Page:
It’s like you want to paint an old, dirty white plastered wall with new white chalky paint. If you add 100 cc of strong hydrochloric acid to 10 liters of paint and mix it well before you apply the paint to the wall, the paint will not stick. The old paint also will come off the wall. In a way, the same things happen when we eat calcium in an acid forming environment of animal protein. The calcium in the bones and teeth starts to be lost, leaving them soft and weakened, a process known as decalcification. Coffee, alcohol, and sugar also give a strong acid reaction.
Taking more dietary calcium to make up this loss, especially that from dairy food (also high in animal protein) only makes the situation worse. The extra dietary calcium cannot be absorbed, builds up in soft tissues, and hardens. This process is known as calcification. The build up of calcium deposits in the arteries, brain, and in and around other tissues and organs is a main cause of hardening of the arteries, Alzheimer’s disease, and other disorders associated with calcium deposits.
Whatever your age, sex, or energy level, an optimal balance of plant-quality protein, calcium, fiber, and other nutrients will ensure strong, healthy bones together with daily physical activities like walking, bicycling, yoga, martial arts, and sports.
Why Asian Women Have Hardly Any Osteoporosis
Middle aged women in Japan, China, and other Asian countries hardly ever developed osteoporosis, even though their calcium intake was 2 to 4 times less than Western women. The reason is that their source of calcium is vegetable quality.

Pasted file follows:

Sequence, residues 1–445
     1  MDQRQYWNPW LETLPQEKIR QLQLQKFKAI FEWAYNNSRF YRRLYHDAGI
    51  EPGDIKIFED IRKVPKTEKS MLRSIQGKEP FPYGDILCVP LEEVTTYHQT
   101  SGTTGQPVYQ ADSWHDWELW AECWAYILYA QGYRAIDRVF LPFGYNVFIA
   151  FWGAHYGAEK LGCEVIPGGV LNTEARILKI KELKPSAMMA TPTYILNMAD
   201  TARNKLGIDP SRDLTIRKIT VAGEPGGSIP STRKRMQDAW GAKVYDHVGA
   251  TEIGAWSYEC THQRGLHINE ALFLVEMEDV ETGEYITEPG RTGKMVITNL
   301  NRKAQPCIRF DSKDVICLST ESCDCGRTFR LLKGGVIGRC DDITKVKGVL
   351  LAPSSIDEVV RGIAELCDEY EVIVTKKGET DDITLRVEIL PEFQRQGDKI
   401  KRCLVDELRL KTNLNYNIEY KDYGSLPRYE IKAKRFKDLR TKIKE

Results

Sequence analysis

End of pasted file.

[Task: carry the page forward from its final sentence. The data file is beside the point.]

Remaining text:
They traditionally ate very little meat and other heavy animal food. They also consumed large amounts of green leafy, fiber-rich vegetables such as daikon greens, mustard leaves, Chinese cabbage, kale, and broccoli; beans and bean products like tofu and tempeh; sea vegetables such as nori and hiziki; sesame seeds and sesame oil, and other foods rich in phytoestrogens such as shoyu, miso, and green tea that stimulate mineral metabolism. Of all foods, sesame seeds and sesame oil are the highest in calcium. For the same reason, Asian women didn’t develop breast cancer until recently when cow’s milk became a fashion. In Asia today, milk and other dairy food consumption is rising rapidly, and soon China will become the largest producer.
Stimulating Bone Growth: Leek and Onion Root Condiment
This condiment is good for stimulating bone growth. Slice the long, tiny white roots of several leeks and onions. Sauté in a little sesame oil with a pinch of salt for 10 to 15 minutes on a low flame. Add a little barley miso diluted in cold water at the end of cooking and simmer for another several minutes.
Other special dishes that are good for the bones and to prevent osteoporosis
include nori condiment, shio kombu, and kinpira soup.
Adelbert Nelissen is the co-founder and co-director of the Kushi Institute of Europe. He has taught and counseled in over 60 countries during the last 25years. This article is adapted from material he prepared for Makropedia.com, the forthcoming new website on diet, health, and the environment, and the Ideal Food Pattern for Humanity. He initiated these projects and created the most comprehensive visual design based on macrobiotic guidelines originally developed by Michio Kushi and by the latest scientific and nutritional research.